It should be noted that there are some providers who have already started to offer a “mobile” check-in solution to consumers. However, the current solutions available are not truly mobile as they require providers to purchase new devices for the check-in, which can be expensive and time-consuming to implement. There’s also the risk of the provider-owned devices transferring germs, bacteria, and viruses between consumers that use the device. After living through the worst flu season in a decade,7 is passing provider-owned devices from consumer to consumer a risk that provider organizations want to take?

Why patient BYOD is the future

Instead of investing time and money into buying and deploying new devices, why not leverage the smartphones that consumers already have? Healthcare can look to how the airline and hotel industries now allow consumers to complete the entire check-in process via a mobile app on their smartphone, which can be done in just minutes, days, or weeks ahead of time. While these mobile apps may not solve long TSA lines, the apps empower consumers to take control of their experience. If healthcare adopted similar technology, consumers could conveniently and easily check in for visits before ever stepping foot into the provider’s office—eliminating the frustration of traditional paper-based, time-consuming check-in processes.

However, to truly be convenient, a robust mobile app must do more than just collect demographic information from consumers. To save time and offer convenience, the payment experience will need to be integral to checking in on an app. Right now, it is estimated that poor billing and payment experiences cause satisfaction ratings to fall by more than 30% after a provider visit. By adding payments to a mobile check-in app, providers have the opportunity to ease the payment conversation overall for both staff and consumers, including verification of consumer insurance eligibility and convenient payment options for future balances.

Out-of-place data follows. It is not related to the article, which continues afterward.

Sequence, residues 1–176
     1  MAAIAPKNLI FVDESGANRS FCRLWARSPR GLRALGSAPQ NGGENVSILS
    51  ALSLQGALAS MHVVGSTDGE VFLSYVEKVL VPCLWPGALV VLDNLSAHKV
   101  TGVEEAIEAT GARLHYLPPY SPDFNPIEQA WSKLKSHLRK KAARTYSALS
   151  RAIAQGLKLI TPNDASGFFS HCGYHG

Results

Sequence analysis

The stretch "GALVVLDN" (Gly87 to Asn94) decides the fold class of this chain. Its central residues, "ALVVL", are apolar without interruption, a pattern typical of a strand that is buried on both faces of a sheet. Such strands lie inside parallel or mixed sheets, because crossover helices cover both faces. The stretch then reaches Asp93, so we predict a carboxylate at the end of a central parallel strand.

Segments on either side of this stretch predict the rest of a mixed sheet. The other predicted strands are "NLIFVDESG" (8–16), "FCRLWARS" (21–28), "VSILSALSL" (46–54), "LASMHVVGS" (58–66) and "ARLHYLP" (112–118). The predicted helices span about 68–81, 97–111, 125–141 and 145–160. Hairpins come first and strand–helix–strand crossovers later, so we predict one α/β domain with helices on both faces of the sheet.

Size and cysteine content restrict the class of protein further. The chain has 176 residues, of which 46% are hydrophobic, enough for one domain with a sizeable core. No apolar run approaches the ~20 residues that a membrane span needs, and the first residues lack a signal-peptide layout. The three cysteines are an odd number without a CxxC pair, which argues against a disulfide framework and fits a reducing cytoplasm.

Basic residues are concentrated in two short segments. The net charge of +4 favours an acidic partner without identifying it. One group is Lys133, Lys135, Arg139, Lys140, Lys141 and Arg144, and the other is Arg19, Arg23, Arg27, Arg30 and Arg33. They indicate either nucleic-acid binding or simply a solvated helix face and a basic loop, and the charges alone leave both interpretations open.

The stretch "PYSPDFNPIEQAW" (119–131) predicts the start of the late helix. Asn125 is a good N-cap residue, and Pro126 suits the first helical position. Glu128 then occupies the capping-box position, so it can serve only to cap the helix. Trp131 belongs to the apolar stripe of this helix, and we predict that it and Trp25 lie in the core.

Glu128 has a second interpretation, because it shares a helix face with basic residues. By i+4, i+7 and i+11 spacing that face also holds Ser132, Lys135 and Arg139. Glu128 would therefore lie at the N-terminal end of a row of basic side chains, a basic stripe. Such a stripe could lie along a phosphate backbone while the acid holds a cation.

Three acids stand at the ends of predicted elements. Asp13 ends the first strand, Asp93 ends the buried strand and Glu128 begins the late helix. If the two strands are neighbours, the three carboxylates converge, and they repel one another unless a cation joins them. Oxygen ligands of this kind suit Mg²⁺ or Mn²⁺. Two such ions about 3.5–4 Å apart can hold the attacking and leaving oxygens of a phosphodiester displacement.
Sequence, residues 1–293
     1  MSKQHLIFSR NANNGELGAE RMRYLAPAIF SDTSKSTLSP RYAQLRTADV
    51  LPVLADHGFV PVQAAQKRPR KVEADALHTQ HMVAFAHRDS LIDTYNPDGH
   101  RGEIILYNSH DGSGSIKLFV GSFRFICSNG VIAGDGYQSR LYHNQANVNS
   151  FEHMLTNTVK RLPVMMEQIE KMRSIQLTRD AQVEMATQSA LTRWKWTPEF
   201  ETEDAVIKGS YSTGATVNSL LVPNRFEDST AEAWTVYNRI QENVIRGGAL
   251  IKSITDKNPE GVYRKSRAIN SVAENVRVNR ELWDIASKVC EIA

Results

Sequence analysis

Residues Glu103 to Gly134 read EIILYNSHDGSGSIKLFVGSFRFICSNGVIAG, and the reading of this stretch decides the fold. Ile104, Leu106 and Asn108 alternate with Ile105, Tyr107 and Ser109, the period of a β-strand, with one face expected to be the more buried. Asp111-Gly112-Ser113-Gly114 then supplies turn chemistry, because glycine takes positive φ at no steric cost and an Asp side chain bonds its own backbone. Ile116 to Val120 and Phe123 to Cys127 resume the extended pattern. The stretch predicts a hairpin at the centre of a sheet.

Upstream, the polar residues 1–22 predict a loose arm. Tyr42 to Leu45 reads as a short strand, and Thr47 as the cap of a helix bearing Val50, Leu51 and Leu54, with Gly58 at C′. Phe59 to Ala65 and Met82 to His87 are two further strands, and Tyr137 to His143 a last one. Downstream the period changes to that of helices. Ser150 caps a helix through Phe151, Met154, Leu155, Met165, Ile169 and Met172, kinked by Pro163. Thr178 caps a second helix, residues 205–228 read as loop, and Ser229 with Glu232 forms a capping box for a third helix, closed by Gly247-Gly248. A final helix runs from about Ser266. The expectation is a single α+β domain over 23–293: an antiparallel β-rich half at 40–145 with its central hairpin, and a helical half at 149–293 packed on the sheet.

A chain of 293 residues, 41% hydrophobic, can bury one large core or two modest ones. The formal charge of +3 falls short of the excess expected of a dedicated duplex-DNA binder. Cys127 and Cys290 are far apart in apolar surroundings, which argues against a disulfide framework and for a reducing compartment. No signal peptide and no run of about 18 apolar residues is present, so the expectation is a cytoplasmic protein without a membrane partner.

Beware of the BYOD downside

Late last year, headlines revealed a major data breach impacting 57 million consumers from one of the most popular mobile apps that includes payment functionality—Uber, the popular ride-sharing service. As mobile payment technology has grown nearly as fast as smartphone adoption, consumer payment information is at risk of exposure to a data breach. In healthcare, the risks are significantly higher as healthcare payments straddle two heavily-regulated and targeted industries. Healthcare organizations should only work with vendors who have been independently certified and audited to the highest levels in both the healthcare and financial industries to ensure full data protection.


  1. http://www.pewinternet.org/fact-sheet/mobile/
  2. https://www.televox.com/downloads/west_prioritizing_patient_experience.pdf
  3. https://www2.deloitte.com/content/dam/Deloitte/us/Documents/life-sciences-health-care/us-dchs-the-value-of-patient-experience.pdf
  4. https://www.cnbc.com/2018/02/13/apple-ceo-tim-cook-can-make-significant-contribution-in-health-care.html
  5. https://www.cnbc.com/2018/03/27/amazons-moves-into-health-what-we-know.html
  6. https://www.accenture.com/us-en/insight-new-2018-consumer-survey-digital-health
  7. https://www.nytimes.com/2018/01/26/health/flu-rates-deaths.html